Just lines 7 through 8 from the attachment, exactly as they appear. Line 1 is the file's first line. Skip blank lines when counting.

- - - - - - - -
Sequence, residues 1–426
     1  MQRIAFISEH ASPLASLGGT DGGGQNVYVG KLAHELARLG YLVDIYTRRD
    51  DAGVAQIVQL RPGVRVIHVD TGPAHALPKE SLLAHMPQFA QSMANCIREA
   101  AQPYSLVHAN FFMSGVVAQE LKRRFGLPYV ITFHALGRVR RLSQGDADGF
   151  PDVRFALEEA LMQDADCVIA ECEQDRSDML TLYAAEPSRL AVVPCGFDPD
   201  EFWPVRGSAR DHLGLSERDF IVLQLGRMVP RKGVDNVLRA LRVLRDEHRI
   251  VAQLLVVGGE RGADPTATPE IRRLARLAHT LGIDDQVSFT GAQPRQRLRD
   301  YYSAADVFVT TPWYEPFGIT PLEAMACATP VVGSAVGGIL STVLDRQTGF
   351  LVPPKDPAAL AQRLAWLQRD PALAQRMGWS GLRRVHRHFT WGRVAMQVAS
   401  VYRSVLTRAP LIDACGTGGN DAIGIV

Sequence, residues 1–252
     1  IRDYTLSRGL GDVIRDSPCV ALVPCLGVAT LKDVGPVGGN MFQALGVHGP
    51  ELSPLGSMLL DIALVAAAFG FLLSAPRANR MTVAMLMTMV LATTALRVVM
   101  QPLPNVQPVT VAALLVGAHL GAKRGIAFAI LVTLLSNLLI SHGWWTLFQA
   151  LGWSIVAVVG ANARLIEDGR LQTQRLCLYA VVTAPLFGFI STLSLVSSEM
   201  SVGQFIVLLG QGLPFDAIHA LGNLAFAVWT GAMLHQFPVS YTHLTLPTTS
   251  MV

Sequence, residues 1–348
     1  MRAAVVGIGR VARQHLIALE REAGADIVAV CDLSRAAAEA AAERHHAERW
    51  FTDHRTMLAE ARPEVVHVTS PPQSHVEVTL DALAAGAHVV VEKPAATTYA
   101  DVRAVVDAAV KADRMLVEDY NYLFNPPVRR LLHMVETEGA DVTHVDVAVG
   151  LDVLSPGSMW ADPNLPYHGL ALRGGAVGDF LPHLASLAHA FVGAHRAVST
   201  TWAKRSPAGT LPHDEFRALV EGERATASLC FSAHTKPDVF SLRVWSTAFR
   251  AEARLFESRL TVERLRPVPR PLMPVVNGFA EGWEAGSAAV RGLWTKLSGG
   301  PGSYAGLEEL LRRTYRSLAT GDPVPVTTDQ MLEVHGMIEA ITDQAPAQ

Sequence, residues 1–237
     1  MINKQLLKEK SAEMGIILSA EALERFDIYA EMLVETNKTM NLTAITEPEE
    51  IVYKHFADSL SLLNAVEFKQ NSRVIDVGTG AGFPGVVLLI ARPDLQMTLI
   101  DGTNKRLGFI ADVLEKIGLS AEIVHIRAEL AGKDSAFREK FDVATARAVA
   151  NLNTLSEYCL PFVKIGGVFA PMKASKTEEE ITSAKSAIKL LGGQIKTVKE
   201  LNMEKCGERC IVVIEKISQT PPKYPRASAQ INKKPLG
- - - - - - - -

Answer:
   251  VAQLLVVGGE RGADPTATPE IRRLARLAHT LGIDDQVSFT GAQPRQRLRD
   301  YYSAADVFVT TPWYEPFGIT PLEAMACATP VVGSAVGGIL STVLDRQTGF